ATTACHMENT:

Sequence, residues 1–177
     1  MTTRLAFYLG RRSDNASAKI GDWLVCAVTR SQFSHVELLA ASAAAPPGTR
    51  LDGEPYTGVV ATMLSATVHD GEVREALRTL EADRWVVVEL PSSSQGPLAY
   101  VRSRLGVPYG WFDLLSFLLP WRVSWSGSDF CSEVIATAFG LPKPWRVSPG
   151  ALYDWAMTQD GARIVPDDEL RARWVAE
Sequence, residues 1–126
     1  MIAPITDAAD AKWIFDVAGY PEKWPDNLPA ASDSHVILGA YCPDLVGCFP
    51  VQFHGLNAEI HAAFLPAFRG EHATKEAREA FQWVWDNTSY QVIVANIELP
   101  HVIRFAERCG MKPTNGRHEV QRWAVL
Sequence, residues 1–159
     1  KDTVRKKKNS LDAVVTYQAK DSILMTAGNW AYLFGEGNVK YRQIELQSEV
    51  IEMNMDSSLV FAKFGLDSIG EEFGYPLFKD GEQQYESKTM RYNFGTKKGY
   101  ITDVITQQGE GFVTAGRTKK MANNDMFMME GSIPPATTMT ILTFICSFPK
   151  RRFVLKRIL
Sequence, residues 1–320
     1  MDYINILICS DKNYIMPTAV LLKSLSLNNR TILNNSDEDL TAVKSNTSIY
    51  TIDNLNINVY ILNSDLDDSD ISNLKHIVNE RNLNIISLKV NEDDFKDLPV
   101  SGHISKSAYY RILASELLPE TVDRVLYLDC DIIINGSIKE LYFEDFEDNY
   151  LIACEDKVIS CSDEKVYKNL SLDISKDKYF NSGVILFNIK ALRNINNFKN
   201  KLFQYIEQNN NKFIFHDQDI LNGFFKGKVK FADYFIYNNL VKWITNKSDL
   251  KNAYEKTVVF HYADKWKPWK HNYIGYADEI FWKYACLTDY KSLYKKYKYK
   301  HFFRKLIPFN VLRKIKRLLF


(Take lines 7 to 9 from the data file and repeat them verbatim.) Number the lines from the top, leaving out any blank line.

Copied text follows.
     1  MIAPITDAAD AKWIFDVAGY PEKWPDNLPA ASDSHVILGA YCPDLVGCFP
    51  VQFHGLNAEI HAAFLPAFRG EHATKEAREA FQWVWDNTSY QVIVANIELP
   101  HVIRFAERCG MKPTNGRHEV QRWAVL